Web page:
|By PR Newswire||
|October 27, 2012 04:25 PM EDT||
TUCKER, Ga., Oct. 27, 2012 /PRNewswire/ -- Approximately 85 electric linemen and a large contingent of equipment from 11 electric cooperatives in Georgia are headed to Maryland to help restore power in the aftermath of Hurricane Sandy.
As it stands now, crews began leaving Saturday morning, while others will leave Sunday and Monday, from Altamaha EMC in Lyons, Carroll EMC in Carrollton, Central Georgia EMC in Jackson, Flint Energies in Reynolds, Irwin EMC in Ocilla, Jackson EMC in Jefferson, Middle Georgia EMC in Vienna, Mitchell EMC in Camilla, Snapping Shoals EMC in Covington, Southern Rivers in Barnesville and Tri-County EMC in Gray. EMCs are prepared to send additional workers and equipment if more help is needed.
According to Jim Wright, vice president of training, education and safety for Georgia EMC, and the statewide crew assistance coordinator for the EMCs, Georgia EMC and other utilities have arranged through the Georgia Department of Public Safety, Motor Carrier Compliance Division, to provide for the expedited movement of utility trucks and equipment through Georgia heading to the mid-Atlantic.
Wright says Georgia's co-ops have been in constant contact with Co-ops in the path of Hurricane Sandy.
"It took just one phone call from Maryland to get our crews and equipment moving in their direction," Wright said. "We've also had preliminary discussions with several other states and additional crews will move out immediately if we receive their call for help."
Destructive winds and heavy rainfall are a great threat during hurricanes. The potential for damage from Hurricane Sandy is even greater since the impacts will extend across a widespread area, blowing electric poles and structures to the ground and knocking trees on power lines, shutting off power to many consumers.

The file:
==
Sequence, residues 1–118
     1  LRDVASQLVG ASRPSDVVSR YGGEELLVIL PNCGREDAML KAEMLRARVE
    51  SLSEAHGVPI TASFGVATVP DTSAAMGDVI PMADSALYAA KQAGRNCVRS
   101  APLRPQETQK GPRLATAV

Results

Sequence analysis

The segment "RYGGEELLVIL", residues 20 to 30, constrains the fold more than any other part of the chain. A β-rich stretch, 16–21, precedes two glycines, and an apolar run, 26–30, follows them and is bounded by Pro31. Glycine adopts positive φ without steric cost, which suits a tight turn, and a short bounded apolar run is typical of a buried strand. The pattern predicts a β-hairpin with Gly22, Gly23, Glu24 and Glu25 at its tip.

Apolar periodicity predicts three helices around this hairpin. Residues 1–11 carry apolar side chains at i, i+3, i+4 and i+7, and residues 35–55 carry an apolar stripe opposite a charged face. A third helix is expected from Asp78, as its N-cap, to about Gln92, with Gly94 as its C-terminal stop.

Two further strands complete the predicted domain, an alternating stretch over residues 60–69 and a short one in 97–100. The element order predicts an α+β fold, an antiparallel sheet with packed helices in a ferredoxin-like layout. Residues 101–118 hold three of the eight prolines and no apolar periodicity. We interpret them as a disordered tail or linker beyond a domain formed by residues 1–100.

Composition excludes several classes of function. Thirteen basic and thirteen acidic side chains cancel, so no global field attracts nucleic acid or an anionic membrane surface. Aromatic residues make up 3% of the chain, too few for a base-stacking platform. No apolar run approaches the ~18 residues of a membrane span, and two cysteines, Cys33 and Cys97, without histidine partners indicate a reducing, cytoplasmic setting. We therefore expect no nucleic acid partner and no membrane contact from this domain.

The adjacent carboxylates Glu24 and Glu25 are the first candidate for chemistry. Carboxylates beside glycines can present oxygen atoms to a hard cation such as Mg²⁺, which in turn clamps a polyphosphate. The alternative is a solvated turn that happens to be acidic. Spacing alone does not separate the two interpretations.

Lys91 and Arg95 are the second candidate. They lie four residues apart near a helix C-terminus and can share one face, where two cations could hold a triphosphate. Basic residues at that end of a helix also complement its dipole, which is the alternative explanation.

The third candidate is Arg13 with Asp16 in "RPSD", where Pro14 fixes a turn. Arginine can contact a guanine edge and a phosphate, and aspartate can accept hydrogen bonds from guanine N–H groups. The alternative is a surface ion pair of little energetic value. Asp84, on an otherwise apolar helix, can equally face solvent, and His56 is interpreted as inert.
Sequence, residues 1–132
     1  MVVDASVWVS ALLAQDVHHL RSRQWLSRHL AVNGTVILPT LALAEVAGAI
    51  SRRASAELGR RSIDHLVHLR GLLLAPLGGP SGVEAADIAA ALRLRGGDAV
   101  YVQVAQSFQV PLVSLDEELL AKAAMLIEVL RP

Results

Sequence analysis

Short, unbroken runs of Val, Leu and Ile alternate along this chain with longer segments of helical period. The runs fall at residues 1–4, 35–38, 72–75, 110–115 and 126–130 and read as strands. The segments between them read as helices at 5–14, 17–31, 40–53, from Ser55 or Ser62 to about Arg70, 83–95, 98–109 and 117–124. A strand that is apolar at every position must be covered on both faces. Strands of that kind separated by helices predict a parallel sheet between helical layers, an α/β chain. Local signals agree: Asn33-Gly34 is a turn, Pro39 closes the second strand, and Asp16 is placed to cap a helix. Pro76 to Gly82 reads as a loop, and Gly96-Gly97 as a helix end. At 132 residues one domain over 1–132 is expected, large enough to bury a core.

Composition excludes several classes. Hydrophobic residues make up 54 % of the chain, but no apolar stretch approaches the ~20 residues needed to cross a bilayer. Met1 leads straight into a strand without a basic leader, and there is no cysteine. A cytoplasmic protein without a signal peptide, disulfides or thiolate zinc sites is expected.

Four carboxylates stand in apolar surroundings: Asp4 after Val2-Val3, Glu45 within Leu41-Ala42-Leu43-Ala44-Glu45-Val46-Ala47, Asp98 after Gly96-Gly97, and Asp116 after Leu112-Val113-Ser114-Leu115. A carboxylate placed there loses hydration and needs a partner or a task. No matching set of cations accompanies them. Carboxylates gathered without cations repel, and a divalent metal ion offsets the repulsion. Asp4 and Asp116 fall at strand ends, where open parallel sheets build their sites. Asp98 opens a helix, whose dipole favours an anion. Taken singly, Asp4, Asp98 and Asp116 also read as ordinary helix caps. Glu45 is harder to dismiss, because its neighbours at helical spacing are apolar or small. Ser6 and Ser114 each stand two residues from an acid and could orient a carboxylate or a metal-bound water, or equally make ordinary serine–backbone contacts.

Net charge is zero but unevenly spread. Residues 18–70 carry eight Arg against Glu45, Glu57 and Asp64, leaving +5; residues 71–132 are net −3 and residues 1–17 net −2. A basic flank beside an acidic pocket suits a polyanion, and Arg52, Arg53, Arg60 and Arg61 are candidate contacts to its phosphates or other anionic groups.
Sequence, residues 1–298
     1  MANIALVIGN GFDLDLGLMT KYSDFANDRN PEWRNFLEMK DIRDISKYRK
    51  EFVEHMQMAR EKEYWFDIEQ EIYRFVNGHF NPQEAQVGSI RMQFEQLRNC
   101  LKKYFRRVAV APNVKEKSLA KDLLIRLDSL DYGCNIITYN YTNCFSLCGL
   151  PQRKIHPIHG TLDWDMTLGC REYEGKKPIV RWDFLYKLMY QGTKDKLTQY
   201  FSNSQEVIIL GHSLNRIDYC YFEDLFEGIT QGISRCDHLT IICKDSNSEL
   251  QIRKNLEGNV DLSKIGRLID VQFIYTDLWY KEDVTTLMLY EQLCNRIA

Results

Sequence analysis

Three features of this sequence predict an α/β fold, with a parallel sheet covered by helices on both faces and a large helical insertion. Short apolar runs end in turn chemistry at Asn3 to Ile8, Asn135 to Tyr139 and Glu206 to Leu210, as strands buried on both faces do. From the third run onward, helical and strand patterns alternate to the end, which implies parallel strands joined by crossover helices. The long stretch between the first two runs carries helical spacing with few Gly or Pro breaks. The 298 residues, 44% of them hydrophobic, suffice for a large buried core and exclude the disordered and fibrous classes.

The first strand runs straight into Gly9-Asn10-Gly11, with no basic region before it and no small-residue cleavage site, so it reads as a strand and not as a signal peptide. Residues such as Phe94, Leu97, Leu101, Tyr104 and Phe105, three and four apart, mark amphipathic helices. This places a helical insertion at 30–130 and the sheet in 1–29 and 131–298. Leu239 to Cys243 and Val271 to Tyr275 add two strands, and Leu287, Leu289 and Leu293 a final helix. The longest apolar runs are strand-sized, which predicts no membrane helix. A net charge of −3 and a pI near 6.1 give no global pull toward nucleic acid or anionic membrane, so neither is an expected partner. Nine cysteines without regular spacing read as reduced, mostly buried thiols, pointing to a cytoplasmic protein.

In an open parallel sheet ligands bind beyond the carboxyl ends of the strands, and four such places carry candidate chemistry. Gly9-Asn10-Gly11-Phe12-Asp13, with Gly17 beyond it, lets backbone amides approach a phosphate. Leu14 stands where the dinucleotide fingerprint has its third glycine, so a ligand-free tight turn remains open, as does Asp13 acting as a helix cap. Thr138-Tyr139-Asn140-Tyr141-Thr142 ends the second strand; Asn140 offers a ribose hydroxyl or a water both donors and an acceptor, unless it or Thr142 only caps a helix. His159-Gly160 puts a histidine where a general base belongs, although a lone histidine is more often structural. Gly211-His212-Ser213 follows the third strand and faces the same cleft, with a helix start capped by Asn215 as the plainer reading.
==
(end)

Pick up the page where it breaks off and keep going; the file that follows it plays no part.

Once in Maryland, the EMCs in Georgia will rely on their extensive experience in restoring power following a variety of weather events, including ice storms, tornadoes and hurricanes. In recent years, EMC crews have worked alongside co-ops in South Carolina, North Carolina, Alabama, Tennessee, Mississippi, Louisiana, Kentucky, Virginia and Florida.
While Wright can't say specifically in what order power will be restored, many utilities follow a standard industry practice to repair and energize its lines. First, feeder and primary lines are repaired, then secondary and service lines next. This method restores power to the greatest number of people in the shortest amount of time.
Georgia EMC is the statewide trade association representing the state's 42 EMCs, Oglethorpe Power Corp., Georgia Transmission Corp. and Georgia System Operations Corp. Collectively, Georgia's customer-owned EMCs provide electricity and related services to more than four million people, half of Georgia's population, across 73 percent of the state's land area.
SOURCE Georgia EMC